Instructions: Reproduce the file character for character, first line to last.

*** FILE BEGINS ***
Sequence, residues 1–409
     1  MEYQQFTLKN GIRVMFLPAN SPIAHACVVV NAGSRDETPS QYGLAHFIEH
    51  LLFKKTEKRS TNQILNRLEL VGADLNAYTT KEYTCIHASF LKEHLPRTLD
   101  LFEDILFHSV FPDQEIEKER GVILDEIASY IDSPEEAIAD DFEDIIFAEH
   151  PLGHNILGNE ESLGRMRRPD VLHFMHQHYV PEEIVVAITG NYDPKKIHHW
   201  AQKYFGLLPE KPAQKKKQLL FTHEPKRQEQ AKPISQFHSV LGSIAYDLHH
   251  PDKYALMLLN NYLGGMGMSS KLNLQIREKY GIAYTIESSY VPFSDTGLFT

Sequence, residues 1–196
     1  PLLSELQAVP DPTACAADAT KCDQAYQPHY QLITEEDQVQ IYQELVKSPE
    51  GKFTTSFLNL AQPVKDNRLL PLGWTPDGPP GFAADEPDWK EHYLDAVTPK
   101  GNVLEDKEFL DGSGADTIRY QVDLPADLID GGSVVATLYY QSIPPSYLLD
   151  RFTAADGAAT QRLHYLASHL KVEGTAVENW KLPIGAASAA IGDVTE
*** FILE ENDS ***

Sequence, residues 1–409
     1  MEYQQFTLKN GIRVMFLPAN SPIAHACVVV NAGSRDETPS QYGLAHFIEH
    51  LLFKKTEKRS TNQILNRLEL VGADLNAYTT KEYTCIHASF LKEHLPRTLD
   101  LFEDILFHSV FPDQEIEKER GVILDEIASY IDSPEEAIAD DFEDIIFAEH
   151  PLGHNILGNE ESLGRMRRPD VLHFMHQHYV PEEIVVAITG NYDPKKIHHW
   201  AQKYFGLLPE KPAQKKKQLL FTHEPKRQEQ AKPISQFHSV LGSIAYDLHH
   251  PDKYALMLLN NYLGGMGMSS KLNLQIREKY GIAYTIESSY VPFSDTGLFT

Sequence, residues 1–196
     1  PLLSELQAVP DPTACAADAT KCDQAYQPHY QLITEEDQVQ IYQELVKSPE
    51  GKFTTSFLNL AQPVKDNRLL PLGWTPDGPP GFAADEPDWK EHYLDAVTPK
   101  GNVLEDKEFL DGSGADTIRY QVDLPADLID GGSVVATLYY QSIPPSYLLD
   151  RFTAADGAAT QRLHYLASHL KVEGTAVENW KLPIGAASAA IGDVTE